Histories of sustainability have typically situated the origins of our current environmental crises at the advent of industrialism, as if locating a moment in time when things were otherwise might help to remediate our current ecological crises derived from human-induced forms of destruction: air pollution, deforestation, and others. All of these histories, that is, and for obvious and very good reasons, take as their concern large-scale practices especially rooted in moments of rupture when human practices overreach.

I propose here that we might more usefully approach sustainability, however, by taking a step back, moving from the global to the local, as they say, to focus instead on smaller-scale practices, or “micro-practices” that inform what Rosi Braidotti describes as “sustainable becoming,” or “the ethical state of becoming [that] practices a humble kind of hope, rooted in the ordinary micro-practices of everyday life” (Transpositions. Maiden: Polity, 2006: 137).

Early modern receipt books express and enact the very principles of sustainability that our histories attempt to recuperate, the “micro-practices” of the everyday; their details recount an embeddedness of human and nonhuman things, the sort of mutual dependence that sustainability initiatives today aim to recuperate and reproduce. The creation and efficacy of the recipes we find in these books depend not on discrete human/nonhuman entities but instead on the intimate “micro-practices” that constitute human/nonhuman collaborations, as we see in a recipe from the Lady Frances Catchmay book, “A very good medicen for eyes that be trobled wth a pinne and web be or with any other dymnes” (12r):

Screen Shot 2016-03-22 at 11.32.39 AM

“A booke of medicens” (1625), Lady Frances Catchmay, Wellcome MS 184a, f.12r

Take the oyle of a new layd egge or two, beate and clappe it well till it come to afrothe, then let it stande for a little while, and let the oyle rune into a saucer, and put the juce of daysies, with the blossomes, leaves and rootes, beinge stamped and strained into the oyle of the egges, put alittle clarified honey to it and mixt all thes together well, and let the patient take every eveninge and morninge into his eye that is greaved adroppe put in with a fether, let this be used so longe as he hathe payne.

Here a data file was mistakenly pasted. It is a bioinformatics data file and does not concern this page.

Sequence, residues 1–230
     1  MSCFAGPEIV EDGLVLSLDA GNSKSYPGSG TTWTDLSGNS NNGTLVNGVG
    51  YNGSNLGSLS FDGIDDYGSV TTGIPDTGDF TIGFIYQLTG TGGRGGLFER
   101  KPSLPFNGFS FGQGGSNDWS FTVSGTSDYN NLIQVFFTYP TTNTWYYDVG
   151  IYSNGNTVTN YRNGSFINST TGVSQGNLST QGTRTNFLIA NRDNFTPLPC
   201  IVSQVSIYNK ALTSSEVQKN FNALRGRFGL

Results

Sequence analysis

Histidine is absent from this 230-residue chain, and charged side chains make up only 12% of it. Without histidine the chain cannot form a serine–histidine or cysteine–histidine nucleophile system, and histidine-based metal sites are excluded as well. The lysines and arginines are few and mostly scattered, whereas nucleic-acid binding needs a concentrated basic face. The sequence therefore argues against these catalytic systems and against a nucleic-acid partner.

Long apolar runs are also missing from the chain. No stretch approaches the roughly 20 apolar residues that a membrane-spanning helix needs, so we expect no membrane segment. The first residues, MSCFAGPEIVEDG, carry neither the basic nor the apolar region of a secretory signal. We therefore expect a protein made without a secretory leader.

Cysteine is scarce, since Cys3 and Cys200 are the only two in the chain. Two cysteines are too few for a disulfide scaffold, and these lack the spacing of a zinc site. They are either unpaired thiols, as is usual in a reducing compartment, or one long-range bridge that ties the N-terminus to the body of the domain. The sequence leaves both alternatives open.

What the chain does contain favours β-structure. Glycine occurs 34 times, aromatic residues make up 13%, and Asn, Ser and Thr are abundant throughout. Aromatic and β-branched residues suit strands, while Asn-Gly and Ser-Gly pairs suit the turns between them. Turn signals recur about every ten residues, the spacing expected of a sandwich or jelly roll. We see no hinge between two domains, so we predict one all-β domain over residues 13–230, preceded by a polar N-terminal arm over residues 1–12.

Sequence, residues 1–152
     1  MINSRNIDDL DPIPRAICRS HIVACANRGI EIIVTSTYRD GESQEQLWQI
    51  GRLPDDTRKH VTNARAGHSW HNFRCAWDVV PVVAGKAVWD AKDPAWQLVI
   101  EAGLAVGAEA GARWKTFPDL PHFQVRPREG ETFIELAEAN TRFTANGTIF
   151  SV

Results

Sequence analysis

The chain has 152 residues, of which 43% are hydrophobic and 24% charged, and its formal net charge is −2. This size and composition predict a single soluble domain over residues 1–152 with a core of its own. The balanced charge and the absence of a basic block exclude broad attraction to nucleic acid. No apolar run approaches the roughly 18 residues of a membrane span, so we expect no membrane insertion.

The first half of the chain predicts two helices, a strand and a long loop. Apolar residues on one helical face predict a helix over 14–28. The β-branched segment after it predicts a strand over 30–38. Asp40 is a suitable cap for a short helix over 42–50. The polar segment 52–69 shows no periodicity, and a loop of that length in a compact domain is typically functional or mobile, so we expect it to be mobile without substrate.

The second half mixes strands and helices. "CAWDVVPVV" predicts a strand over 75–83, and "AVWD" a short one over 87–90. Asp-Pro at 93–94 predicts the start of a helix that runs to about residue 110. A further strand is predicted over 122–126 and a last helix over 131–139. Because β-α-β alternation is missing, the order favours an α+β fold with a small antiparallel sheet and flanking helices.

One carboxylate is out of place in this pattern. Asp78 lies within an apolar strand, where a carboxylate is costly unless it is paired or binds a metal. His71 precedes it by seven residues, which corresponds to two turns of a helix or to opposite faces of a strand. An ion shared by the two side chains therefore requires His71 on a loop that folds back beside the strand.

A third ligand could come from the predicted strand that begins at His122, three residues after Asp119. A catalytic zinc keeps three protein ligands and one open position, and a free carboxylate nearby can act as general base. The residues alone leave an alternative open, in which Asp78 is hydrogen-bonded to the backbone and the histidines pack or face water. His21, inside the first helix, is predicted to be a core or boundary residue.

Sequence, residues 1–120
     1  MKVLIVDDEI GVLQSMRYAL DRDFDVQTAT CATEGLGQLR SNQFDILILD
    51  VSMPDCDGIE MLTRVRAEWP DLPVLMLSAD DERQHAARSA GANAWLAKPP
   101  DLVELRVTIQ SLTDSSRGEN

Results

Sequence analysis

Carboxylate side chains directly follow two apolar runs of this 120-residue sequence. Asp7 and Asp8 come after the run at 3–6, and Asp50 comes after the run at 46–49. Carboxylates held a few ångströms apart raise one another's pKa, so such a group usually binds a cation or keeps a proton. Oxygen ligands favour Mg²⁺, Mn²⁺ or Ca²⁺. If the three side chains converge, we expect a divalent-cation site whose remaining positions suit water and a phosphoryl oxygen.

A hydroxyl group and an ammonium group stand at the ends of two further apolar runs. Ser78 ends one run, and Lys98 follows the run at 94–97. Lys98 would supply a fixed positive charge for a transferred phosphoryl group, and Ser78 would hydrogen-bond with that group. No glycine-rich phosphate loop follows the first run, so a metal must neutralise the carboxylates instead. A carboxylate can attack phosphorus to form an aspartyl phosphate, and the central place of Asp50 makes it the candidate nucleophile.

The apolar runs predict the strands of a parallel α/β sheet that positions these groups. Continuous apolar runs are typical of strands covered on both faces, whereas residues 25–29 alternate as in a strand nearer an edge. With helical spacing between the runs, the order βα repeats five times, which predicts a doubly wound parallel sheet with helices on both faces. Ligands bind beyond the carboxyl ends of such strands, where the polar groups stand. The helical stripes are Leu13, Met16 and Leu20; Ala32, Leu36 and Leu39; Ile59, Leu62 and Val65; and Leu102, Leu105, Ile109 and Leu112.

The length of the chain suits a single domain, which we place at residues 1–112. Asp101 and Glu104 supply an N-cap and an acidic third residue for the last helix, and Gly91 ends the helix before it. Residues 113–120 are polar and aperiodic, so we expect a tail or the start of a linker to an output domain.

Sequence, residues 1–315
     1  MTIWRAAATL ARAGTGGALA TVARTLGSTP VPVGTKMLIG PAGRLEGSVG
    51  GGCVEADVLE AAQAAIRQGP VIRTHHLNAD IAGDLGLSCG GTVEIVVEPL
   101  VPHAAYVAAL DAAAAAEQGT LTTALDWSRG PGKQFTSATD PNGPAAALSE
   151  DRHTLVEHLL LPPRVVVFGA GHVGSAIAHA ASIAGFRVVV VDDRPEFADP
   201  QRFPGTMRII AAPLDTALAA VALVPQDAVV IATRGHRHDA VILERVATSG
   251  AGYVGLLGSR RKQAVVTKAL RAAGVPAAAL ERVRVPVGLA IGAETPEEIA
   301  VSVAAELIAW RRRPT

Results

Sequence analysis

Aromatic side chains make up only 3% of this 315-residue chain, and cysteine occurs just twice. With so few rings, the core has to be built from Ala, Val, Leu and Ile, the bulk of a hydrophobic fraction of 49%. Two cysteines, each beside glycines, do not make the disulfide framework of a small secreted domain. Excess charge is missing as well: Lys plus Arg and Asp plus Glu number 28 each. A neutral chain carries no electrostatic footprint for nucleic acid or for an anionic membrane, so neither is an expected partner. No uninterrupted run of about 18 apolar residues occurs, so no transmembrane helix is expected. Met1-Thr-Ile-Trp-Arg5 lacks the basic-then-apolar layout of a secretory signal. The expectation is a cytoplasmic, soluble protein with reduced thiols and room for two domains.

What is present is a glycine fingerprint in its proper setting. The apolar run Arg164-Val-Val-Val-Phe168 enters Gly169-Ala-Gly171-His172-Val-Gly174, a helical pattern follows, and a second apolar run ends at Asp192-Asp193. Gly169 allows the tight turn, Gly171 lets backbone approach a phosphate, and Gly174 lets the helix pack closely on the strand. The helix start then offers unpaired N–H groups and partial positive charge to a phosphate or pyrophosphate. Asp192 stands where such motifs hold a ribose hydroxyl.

The person preparing the remedy uses a “new layd egge or two,” which means that the cure depends on the immediacy of time, participation (at least tacit) by the chickens who produce said egg/s, human movement across ground, into henhouse to gather it. And how “new” is a “new layd egg”? Is it still warm? Can it be several hours or even days old? To know what constitutes “new layd” to prepare the medicine requires the housewife (in all likelihood) to have such intimate knowledge of egg and chicken—touching the warmth of the egg newly delivered, observing the point at which eggs go bad and are no longer fresh enough for the cure; the egg “beate[n]” and “clappe[d]” incorporate egg matter, mixing bowl, and human energy to create the new substance the resulting “frothe.” And to “put the juce of daysies, with the blossomes, leaves and rootes, beinge stamped and strained into the oyle of the egges” not only synthesizes said egg-bowl-human mingling with plant matter, but it depends on the recent human harvest of daisies, which requires human form to cross household threshold into adjoining environs (immediate or further afield) to pick fresh daisies so that they might still have juice to be strained. And again, as human feet traverse the dirt- or gravel-covered pathways outside, sights and sounds of nonhuman activity penetrate human bodily boundaries—a wooden stamper encircled by human hands “stampe[s] and straine[s]” the various parts of the daisies, daisy juice (roots, leaves, and all) mingles with frothy oil of egg mixture.

This recipe illustrates how humans and nonhumans are bound to one another in yet other ways too. The clarified honey added to the plant-egg froth recalls multiple forms of the interdependency of bee and human labor: bees gather pollen, some wild-growing and some perhaps human-cultivated, which combines with the enzymes in their saliva to activate the substance we know as honey; the honey, probably extracted from a hive (or skep, perhaps itself made of plant material) built by humans, becomes the golden, sticky substance by way of its production and storage in combs; it is then harvested and “clarified,” which would have involved separating the liquid honey from the wax and residual pollen. And after mixing yet again, the resulting concoction is “put in” the patient’s “greaved” eyes (morning and evening) “with a feather,” such that human and nonhuman animals and plants intra-act to perform the cure.